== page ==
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1126 [157]

ers to God for him, & so went through Chepesyde, to the place appointed, & was delyuered as close prisoner to þe keper of Newgat, wher he remayned. 6. dayes, no body being permitted to com to him, or to talk with him, sauing his kepers, & such as should be appointed therto. During thys tyme, the bloudye Byshop of London Bonar, & others at his appointment, as Fecknam, Chedsey, & Harpsfield. &c. resorted diuers times vnto him to assay if by any meanes thei could perswade hym to relent, & to becom a mēber of their Antichristiā church. Al þe wayes they could deuise they attempted. For besides disputacions & allegacions of testimonies of the Scriptures, & of auncient writers, wrasted to a wronge sense, according to their accustomed maner, they vsed also al outward gentlenes & significations of frendship with many great profers & promises of worldly cōmodities, not omitting also most greuous threatnings, if the other coulde not preuayle: but they foūd him alwaies one mā, stedfast & immoueable. Whē þe Papistical sect perceiued that they could by no meanes attaine to theyr deuelish purpose, with suche perswasions & offers as they had vsed for the conuersion of maister Hoper: they went about by false rumors and reportes of Recantacions (for it is well knowen that they and theyr seruauntes did spread it first abroade) to bring hym and the doctrine of Christ, which he professed out of credite with the people. So the brute being a litle spread a broad, and beleaued of some of the weaker sorte: by reason of the often resorte of the Byshope of London, and other it encresed more, & at the last came to maister Hopers eares. Wherewith he was not a litle greued that the people should geue so light credite vnto false rumors, hauing so simple a grounde: as it maye appeare by a letter which he wrote vpō that occasion: the copy whereof foloweth.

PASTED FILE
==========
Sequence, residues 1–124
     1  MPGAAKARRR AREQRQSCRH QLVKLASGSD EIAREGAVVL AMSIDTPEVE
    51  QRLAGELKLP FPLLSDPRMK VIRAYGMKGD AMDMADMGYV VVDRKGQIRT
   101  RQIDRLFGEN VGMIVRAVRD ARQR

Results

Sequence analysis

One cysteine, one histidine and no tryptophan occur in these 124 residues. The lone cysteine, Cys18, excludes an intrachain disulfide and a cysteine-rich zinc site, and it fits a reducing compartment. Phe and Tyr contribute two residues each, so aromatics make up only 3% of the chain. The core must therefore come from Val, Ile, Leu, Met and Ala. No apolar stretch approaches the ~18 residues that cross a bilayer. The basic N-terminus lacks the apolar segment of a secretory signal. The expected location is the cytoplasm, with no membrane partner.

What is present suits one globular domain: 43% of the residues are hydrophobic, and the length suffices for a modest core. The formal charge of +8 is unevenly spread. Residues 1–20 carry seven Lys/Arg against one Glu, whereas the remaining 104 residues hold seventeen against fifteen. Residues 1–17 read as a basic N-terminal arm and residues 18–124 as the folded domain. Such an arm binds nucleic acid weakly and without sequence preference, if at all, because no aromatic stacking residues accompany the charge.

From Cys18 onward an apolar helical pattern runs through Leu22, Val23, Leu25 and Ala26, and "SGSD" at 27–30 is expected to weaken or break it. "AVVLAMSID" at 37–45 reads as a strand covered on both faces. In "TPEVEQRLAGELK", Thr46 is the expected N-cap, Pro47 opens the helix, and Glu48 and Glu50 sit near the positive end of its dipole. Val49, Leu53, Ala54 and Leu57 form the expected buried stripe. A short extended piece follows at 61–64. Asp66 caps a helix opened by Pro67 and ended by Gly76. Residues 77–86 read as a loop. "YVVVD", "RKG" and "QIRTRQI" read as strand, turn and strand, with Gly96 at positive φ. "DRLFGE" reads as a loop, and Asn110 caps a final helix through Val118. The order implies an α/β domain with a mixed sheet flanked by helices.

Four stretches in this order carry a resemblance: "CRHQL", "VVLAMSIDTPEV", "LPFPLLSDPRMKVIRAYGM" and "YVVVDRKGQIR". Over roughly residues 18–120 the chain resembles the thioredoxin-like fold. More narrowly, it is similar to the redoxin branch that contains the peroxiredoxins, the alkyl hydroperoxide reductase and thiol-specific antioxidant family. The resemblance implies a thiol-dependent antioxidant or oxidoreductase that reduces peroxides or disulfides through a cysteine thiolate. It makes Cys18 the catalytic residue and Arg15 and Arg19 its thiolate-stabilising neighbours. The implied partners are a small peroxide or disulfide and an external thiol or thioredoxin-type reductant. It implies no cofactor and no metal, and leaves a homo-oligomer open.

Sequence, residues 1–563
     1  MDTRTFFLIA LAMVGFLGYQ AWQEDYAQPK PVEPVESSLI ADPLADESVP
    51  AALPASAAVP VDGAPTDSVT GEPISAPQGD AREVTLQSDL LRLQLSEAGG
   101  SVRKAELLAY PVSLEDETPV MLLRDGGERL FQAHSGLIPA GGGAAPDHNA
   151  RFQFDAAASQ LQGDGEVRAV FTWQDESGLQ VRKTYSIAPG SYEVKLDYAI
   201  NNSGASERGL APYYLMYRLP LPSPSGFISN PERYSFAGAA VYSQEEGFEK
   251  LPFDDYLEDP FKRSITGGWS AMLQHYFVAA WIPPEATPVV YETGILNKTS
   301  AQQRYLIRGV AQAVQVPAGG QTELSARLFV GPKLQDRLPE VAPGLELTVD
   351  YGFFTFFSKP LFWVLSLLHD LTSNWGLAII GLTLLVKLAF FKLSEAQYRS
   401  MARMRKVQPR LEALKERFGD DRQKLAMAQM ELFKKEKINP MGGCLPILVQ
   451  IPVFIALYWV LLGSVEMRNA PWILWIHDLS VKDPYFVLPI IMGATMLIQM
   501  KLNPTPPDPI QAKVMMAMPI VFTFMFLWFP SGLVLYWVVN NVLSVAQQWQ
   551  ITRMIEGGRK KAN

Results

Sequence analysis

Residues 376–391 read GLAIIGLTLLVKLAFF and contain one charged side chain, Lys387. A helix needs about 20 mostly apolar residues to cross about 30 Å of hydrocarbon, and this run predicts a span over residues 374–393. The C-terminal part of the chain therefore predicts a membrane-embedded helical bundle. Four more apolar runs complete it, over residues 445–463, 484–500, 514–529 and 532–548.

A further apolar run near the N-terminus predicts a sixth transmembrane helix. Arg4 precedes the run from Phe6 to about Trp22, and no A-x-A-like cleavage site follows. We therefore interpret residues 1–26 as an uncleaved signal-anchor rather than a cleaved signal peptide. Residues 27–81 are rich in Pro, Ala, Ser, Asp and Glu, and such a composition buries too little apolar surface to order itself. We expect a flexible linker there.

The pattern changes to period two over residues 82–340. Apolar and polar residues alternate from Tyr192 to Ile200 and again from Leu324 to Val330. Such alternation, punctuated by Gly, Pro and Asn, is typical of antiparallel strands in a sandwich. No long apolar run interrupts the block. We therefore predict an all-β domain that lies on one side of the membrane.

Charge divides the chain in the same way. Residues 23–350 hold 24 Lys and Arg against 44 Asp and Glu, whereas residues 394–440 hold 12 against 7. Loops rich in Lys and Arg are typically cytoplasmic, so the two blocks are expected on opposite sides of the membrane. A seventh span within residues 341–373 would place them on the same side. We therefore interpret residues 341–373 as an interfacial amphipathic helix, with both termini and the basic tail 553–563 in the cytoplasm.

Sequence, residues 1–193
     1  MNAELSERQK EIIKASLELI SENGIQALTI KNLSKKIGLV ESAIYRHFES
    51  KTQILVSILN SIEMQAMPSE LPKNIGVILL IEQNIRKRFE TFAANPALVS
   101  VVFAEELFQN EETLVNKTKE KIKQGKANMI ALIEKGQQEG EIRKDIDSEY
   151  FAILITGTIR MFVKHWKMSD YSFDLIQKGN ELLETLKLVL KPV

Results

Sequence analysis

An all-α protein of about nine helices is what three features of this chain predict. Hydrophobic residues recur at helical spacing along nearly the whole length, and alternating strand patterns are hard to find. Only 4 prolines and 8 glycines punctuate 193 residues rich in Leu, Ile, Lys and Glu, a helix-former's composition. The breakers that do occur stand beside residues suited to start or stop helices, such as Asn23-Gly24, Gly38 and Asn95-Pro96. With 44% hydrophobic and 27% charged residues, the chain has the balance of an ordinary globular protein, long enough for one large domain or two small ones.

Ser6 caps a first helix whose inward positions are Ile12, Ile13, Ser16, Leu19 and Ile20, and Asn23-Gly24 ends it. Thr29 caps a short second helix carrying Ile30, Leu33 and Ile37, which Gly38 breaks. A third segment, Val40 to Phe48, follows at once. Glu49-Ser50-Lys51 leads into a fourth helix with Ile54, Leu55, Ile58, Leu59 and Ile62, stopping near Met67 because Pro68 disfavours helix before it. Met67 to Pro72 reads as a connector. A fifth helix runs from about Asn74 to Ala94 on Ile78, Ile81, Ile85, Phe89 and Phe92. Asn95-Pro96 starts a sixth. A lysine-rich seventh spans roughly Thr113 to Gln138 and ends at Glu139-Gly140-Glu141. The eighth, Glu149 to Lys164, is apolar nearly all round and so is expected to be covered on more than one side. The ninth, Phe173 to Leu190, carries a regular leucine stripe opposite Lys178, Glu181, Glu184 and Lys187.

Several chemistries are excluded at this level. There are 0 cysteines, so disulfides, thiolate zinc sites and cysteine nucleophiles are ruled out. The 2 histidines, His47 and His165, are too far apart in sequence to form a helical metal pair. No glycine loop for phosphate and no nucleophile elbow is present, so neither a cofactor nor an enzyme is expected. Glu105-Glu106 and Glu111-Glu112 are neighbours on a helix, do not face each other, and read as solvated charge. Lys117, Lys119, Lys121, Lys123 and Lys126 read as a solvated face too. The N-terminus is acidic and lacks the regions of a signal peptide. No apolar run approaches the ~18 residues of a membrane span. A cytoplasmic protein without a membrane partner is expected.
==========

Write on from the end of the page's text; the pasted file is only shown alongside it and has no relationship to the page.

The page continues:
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¶ A letter of Maister Hoper for the stopping of certaine false rumors, spred abroad of hys recantacion. 
Commentary  *  Close

Hooper wanted this letter to be widely circulated and, judging from the number of copies which survive, he succeeded. Copies of it among Foxe's papers are: BL, Lansdowne 389, fos. 4v-5r; ECL 260, fos. 225v-226r and BL, Add. 19400, fo. 28r. A copy of the letter came into Foxe's hands in exile and it was printed in Rerum, p. 290; 1563; Letters of the Martyrs, pp. 130-31 and subsequent editions of the Acts and Monuments.

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THe grace of our Lord Iesus Christ be with all them that vnfaynedly looke for the cōming of our Sauiour Christ. Amen.

Deare brethren, and systers in the Lord, and my fellowe prisoners for the cause of Gods gospell: I do much reioyce and geue thankes vnto god for your constancy and perseueraunce in affliction, vnto whom I wishe